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N.J. Law Requires Insurers to Encrypt

N.J. Law Requires Insurers to Encrypt | HIPAA Compliance for Medical Practices | Scoop.it

A New Jersey law that will go into effect in July requires health insurers in the state to encrypt personal information that they store in their computers - a stronger requirement than what's included in HIPAA .

The new law, signed by N.J. governor Chris Christie last week, was triggered by a number of health data breaches in the state, including the 2013 Horizon Blue Cross Blue Shield of New Jersey breach affecting 840,000 individuals. That breach involved the theft of two unencrypted laptops.


The new law states: "Health insurance carriers shall not compile or maintain computerized records that include personal information, unless that information is secured by encryption or by any other method or technology rendering the information unreadable, undecipherable, or otherwise unusable by an unauthorized person.

The law applies to "end user computer systems" and computerized records transmitted across public networks. It notes that end-user computer systems include, for example, desktop computers, laptop computers, tablets or other mobile devices, or removable media.

Personal information covered by the encryption mandate includes individual's first name or first initial and last name linked with any one or more of the following data elements: Social Security number; driver's license number or State identification card number; address; and identifiable health information.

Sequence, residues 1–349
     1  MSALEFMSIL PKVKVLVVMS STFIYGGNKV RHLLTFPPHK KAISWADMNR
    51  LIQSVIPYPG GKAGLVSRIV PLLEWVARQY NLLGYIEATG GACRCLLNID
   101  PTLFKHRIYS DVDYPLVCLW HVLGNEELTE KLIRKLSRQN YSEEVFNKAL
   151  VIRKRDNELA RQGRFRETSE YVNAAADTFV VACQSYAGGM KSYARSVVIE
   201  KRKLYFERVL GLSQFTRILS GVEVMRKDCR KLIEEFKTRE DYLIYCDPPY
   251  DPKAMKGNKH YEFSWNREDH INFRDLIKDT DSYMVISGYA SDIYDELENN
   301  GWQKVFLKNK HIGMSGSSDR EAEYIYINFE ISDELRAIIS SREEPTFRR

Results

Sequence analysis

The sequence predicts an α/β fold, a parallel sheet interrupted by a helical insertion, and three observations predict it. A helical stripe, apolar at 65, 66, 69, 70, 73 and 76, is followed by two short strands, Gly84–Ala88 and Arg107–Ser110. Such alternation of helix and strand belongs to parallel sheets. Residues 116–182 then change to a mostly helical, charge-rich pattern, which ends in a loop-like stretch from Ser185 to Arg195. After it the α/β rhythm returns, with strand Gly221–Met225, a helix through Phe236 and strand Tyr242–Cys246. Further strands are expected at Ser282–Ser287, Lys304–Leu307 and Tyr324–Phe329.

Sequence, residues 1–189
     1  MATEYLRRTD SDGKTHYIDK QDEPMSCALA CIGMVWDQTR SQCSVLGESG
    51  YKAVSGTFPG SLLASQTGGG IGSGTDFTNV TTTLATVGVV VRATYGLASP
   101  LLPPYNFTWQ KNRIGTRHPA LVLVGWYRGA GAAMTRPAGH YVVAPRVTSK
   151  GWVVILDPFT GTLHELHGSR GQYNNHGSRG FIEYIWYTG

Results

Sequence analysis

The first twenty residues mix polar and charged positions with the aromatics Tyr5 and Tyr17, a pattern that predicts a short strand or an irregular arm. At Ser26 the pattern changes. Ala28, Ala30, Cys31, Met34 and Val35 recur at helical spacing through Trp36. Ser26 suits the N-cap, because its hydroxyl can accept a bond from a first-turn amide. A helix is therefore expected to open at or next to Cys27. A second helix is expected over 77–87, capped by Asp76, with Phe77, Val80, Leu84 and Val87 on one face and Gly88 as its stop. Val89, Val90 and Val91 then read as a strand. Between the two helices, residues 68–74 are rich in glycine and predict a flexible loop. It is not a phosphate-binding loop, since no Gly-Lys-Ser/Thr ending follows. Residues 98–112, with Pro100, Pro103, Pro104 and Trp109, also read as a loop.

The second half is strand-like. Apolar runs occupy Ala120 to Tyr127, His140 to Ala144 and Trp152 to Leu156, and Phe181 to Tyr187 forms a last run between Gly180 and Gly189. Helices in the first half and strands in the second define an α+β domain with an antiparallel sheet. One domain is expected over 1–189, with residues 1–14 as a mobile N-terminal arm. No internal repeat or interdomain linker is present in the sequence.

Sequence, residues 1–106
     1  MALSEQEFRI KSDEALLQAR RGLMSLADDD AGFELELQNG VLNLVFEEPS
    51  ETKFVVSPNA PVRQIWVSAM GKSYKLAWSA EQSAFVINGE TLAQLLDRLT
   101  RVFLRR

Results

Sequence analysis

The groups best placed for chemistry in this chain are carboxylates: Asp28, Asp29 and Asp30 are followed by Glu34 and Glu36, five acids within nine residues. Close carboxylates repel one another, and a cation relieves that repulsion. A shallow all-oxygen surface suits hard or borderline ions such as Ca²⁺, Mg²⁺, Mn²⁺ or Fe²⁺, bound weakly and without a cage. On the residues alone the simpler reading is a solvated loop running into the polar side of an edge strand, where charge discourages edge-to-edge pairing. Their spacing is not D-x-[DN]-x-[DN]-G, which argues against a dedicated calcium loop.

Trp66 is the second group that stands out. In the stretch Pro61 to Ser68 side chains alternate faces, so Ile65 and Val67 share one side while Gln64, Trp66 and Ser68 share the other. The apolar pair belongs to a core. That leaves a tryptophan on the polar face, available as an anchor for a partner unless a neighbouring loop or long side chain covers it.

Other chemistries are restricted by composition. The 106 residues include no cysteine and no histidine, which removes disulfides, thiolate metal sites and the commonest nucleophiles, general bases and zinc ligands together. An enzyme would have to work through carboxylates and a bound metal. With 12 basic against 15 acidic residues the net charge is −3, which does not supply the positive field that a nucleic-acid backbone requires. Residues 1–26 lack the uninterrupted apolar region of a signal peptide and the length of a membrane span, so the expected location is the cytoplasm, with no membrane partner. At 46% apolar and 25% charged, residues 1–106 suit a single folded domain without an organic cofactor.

Different than HIPAA

"The New Jersey law differs from HIPAA in that it mandates implementing encryption, whereas HIPAA mandates addressing encryption," privacy attorney Adam Greene of law firm Davis Wright Tremaine says.

The Department of Health and Human Services offers this explanation of the HIPAA encryption requirement on its website: "The encryption implementation specification is addressable, and must therefore be implemented if, after a risk assessment, the entity has determined that the specification is a reasonable and appropriate safeguard in its risk management of the confidentiality, integrity and availability of electronic PHI.